“Whereas our ancestors (not of choice) were the first successful cultivators of the wilds of America, we their descendants feel ourselves entitled to participate in the blessings of her luxuriant soil.” — Richard Allen
As a descendent of Africans on America’s “luxuriant soil,” I relish celebrating and honoring my ancestors—their struggles, courage, achievements and imprint on our country’s history. In celebration of Black History Month, each day in February I’ll post a short story or other info about history makers, pathfinders and do-gooders in the realm of African American philanthropy.
Today, we honor Richard Allen (1760–1831), a minister, educator and writer, and the founder of the African Methodist Episcopal (AME) Church. Allen also was co-founder in 1787 of the Free African Society, which represents an early form of collective giving. His selfless deeds during the Yellow Fever Epidemic of 1793 well as his formidable role in founding of the Black church, place him among the early framers of American philanthropy (as I talked about here).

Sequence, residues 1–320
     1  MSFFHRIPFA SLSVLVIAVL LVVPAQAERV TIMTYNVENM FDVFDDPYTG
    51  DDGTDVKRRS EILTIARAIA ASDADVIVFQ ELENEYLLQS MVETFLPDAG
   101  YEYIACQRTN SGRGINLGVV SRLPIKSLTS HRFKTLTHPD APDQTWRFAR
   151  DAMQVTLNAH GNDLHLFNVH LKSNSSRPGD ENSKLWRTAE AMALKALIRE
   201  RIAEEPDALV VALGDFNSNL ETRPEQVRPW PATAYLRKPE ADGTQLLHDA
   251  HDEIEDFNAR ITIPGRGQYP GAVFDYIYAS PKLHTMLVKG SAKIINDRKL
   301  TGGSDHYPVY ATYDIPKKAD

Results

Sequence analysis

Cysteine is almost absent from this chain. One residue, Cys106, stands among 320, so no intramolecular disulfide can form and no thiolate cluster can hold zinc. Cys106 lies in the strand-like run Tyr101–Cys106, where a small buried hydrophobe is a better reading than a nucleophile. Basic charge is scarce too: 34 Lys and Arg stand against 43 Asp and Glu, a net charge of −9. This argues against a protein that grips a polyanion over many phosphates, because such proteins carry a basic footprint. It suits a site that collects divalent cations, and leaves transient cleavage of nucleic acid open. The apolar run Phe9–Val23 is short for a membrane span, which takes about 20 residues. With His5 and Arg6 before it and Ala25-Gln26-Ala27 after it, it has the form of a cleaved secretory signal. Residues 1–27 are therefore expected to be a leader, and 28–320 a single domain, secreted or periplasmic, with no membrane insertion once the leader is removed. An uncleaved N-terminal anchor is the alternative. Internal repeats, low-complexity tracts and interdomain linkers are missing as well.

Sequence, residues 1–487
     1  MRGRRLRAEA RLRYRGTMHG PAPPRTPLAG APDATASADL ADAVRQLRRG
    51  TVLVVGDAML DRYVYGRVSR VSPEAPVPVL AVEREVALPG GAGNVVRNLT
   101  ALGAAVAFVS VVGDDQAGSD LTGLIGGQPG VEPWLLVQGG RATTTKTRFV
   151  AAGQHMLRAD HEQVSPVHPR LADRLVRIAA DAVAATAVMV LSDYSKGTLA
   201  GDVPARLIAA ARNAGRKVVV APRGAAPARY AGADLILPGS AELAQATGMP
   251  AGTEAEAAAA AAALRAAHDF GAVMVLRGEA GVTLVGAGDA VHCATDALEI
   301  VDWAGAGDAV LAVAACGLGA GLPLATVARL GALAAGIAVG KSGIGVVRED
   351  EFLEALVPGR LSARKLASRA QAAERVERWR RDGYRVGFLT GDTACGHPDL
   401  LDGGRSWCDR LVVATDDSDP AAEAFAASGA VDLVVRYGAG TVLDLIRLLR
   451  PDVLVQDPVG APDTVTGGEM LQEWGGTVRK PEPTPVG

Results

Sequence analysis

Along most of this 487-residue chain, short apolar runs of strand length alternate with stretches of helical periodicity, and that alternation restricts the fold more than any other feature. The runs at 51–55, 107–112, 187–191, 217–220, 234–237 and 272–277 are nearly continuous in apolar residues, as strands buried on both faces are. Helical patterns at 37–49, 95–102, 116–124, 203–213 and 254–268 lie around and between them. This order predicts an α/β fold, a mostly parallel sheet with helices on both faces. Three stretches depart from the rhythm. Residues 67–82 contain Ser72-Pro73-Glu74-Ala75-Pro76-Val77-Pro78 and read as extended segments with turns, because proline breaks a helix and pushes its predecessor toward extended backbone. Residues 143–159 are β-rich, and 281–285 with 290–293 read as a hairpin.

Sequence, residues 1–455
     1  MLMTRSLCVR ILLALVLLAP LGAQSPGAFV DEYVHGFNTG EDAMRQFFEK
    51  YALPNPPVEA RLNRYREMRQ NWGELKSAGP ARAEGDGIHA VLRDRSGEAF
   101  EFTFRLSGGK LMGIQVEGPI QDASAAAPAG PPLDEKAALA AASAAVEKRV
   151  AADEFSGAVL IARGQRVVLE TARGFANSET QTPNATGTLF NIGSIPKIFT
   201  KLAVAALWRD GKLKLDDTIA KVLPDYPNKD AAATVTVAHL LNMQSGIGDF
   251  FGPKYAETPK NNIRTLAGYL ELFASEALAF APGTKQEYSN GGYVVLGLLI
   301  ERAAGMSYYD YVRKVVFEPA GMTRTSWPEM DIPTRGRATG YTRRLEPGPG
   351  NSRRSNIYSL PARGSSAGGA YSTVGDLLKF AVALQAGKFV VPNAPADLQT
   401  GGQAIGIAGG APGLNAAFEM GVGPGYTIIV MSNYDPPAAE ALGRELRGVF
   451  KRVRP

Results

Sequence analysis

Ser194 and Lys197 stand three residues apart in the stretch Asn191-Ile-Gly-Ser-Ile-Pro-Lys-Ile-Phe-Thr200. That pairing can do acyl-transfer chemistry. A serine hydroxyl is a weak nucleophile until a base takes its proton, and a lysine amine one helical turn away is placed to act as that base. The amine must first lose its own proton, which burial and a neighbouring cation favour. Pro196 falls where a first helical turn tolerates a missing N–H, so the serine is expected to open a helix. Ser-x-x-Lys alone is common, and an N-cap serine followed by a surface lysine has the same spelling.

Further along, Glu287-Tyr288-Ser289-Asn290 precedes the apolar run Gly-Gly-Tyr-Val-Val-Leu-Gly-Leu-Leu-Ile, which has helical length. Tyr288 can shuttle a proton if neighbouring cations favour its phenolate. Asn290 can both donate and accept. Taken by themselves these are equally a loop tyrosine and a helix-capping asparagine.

— VF (#BHM Day One)
One would argue that the American Indians were actually the first cultivators. Just saying. I’m looking forward to your posts this month, Valaida! 🙂
No argument on that! We’re in agreement. In fact, I’m in Denver, CO now with a small group of American Indians, African Americans and multicultural people, discussing how we can build on our respective philanthropic values and traditions to create the communities we want to see.
Wonderful! How can I stay up to date on that? Will you keep us up to date here or me personally on email (please?) 🙂 Collaboration is the best way to get the best things done and I just love the above news. 🙂
Valaida, These posts are a wonderful gift! Of course, I agree with Desiree about the first cultivators as well as the ‘first givers’ in America. I am glad that CIN is having that conversation,not only to arrive on the right side of history, but to forge networks that can help to focus Native American and African American philanthropy on ensuring that “their descendants” … do “participate in the blessings of her luxuriant soil”, by 2026. Linetta J Gilbert
Thank you Linetta!